Green Jobs: what does an Environmental Compliance Officer do?
When people think of a job in compliance, their first thought – if they have one at all – is usually in relation to banks and other financial institutions.
It is true that many Compliance Officers are tasked with ensuring banks follow the rules set forth by governments. However, compliance itself is a huge area, and can relate to any industry which is regulated, from charity and property, to healthcare and technology.
Increasingly, there is a need for Environmental Compliance Officers. The UK Government, and others like it around the world, are gradually introducing more regulations and laws which aim to fix the problems caused by the climate crisis. But these laws mean nothing if large companies, often with huge amounts of international power and influence, ignore them.
Your job as an Environmental Compliance Officer – sometimes also known as an Environmental Compliance Specialist – is to ensure the rules are followed properly. In the food industry, environmental compliance might look like waste and water management, anti-deforestation policies and adherence to air pollution minimisation targets.
Yours will be a hugely important job, and will help play a part in ensuring the food sector is one that leads the way in effective and responsible climate action.
What are the responsibilities?
- Keep up to date with new laws, regulations and current events which will affect the environmental impact of your company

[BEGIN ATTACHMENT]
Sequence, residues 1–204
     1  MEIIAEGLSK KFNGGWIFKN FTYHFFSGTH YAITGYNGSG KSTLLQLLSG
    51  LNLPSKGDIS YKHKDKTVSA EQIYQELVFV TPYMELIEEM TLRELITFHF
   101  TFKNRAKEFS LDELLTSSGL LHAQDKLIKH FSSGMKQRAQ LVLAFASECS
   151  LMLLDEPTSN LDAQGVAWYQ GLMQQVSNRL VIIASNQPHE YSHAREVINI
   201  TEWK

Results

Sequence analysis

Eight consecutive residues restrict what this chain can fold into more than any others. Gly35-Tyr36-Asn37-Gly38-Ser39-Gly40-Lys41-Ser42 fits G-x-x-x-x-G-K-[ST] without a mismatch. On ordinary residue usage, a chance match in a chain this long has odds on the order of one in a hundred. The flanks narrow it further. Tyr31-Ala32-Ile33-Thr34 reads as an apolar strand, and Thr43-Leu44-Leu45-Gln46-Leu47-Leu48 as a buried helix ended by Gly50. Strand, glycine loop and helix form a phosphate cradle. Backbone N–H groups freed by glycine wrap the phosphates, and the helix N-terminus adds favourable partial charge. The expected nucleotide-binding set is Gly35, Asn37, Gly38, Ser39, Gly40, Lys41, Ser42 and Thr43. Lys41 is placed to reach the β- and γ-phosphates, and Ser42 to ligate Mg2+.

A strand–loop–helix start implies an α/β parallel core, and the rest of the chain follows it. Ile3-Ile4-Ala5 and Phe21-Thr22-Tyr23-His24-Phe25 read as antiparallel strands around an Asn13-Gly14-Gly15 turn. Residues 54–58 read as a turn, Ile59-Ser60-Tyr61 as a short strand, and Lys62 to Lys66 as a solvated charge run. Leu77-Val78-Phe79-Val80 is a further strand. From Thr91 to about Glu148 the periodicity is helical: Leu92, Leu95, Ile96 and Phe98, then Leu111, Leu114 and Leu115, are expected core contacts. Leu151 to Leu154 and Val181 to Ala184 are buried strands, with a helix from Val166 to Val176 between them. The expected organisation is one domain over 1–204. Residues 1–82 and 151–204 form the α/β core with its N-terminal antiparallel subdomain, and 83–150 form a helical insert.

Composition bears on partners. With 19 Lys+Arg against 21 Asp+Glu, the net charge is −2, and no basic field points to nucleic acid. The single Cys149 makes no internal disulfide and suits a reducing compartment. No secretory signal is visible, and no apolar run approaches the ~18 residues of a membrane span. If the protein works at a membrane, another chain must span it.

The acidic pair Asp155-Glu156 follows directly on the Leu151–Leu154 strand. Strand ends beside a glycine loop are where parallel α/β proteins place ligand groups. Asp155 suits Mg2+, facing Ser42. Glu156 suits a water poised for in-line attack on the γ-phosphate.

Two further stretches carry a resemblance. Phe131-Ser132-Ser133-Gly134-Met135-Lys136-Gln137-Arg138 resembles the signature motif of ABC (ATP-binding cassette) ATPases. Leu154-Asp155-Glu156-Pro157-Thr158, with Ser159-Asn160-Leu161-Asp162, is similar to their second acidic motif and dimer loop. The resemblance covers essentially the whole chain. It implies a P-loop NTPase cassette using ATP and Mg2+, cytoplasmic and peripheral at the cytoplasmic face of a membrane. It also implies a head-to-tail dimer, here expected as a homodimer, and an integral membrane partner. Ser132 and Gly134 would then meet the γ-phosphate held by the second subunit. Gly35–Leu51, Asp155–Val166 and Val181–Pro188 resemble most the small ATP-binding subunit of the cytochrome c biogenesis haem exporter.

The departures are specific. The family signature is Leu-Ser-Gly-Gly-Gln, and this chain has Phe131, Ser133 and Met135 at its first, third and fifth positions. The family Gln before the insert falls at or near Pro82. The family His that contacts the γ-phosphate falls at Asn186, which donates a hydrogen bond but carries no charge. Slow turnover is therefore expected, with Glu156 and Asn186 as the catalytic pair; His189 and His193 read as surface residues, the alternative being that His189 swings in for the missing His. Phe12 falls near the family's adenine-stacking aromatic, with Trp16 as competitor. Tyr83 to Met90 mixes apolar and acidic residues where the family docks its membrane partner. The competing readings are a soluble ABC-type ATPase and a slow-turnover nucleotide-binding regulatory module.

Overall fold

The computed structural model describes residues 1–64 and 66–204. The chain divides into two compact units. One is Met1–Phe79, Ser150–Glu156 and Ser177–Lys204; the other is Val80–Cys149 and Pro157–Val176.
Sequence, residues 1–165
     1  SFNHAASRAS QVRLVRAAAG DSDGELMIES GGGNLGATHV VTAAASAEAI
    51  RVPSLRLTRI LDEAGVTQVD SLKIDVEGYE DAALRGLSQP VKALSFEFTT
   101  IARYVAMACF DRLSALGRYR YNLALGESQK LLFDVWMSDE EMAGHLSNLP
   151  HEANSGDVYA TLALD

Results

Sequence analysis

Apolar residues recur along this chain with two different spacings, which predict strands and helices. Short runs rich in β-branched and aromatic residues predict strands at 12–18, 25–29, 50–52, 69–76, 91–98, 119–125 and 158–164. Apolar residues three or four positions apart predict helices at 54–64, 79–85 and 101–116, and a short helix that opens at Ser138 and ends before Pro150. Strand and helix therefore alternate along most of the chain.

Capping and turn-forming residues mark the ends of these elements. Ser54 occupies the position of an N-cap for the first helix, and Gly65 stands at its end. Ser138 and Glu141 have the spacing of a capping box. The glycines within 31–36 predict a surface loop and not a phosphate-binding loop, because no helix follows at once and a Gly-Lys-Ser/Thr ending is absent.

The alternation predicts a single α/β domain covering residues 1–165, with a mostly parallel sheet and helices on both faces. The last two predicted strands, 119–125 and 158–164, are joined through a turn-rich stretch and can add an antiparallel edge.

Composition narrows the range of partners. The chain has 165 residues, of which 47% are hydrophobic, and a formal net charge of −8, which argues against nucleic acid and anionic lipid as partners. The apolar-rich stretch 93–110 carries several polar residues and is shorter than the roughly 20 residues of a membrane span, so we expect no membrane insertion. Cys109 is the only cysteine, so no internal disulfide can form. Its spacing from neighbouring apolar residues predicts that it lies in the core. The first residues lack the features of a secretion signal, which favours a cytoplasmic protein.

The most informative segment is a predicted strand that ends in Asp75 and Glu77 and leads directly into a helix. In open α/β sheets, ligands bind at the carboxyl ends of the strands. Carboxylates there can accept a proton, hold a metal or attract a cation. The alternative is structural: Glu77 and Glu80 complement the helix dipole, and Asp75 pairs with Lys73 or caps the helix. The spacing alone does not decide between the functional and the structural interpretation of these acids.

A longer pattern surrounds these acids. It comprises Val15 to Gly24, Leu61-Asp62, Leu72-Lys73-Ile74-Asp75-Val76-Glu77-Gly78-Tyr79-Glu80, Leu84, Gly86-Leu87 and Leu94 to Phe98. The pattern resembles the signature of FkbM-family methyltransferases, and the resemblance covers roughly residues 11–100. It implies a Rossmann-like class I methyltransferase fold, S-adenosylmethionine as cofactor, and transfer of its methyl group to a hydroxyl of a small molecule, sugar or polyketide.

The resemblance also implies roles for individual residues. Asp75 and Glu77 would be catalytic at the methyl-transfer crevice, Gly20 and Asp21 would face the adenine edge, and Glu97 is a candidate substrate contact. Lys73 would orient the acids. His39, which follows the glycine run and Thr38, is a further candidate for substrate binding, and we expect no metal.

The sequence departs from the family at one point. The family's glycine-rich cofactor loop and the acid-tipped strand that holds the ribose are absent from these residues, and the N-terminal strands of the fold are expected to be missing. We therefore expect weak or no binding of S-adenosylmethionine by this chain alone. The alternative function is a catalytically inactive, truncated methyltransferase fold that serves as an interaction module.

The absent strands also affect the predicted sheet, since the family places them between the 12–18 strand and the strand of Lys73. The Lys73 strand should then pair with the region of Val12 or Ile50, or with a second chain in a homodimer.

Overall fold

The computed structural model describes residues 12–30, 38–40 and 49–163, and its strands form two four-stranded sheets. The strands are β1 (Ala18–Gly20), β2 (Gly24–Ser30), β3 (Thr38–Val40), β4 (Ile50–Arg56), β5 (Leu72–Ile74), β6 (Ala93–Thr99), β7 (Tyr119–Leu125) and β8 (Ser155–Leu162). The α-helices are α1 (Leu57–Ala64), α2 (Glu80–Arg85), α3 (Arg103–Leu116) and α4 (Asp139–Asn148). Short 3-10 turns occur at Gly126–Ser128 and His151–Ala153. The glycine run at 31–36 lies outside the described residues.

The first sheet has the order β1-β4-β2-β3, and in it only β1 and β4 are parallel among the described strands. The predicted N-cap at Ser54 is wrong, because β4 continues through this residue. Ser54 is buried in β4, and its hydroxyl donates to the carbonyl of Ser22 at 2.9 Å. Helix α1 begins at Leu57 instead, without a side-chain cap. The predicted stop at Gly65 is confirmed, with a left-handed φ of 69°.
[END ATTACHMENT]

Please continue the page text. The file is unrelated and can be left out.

- Monitor your company’s compliance with these rules through a variety of ways
- Liaise with external contractors to provide work in keeping with environmental regulations – for example, waste and water management companies
- Perform risk assessments to understand what your company’s impact on the environment is
- Educate employees on rules and regulations in a way that is accessible and informative – potentially through face-to-face presentations, webinars and printed materials
- Investigate and report incidences where regulations are not being complied with
- Compile and write regular reports which summarise compliance measures and how they might be improved or otherwise changed
- Perform relevant administration duties
Who might your employers be?
If you’re interested in becoming an Environmental Compliance Officer within the food industry, it’s very likely you’ll be working for a larger company. Such businesses, by their nature, have greater impacts on the environment and as a result, can benefit from having a dedicated person or team that ensure compliance with important environmental regulations. Multinational companies often have compliance teams in all the countries in which they work, because regulations and laws can differ between geographic locations.
You may also find yourself working in the public sector as an Environmental Compliance Officer. Organisations like charities and the NHS also have compliance teams, which are tasked with ensuring their operations do not fall foul of the law.
What qualifications do you need?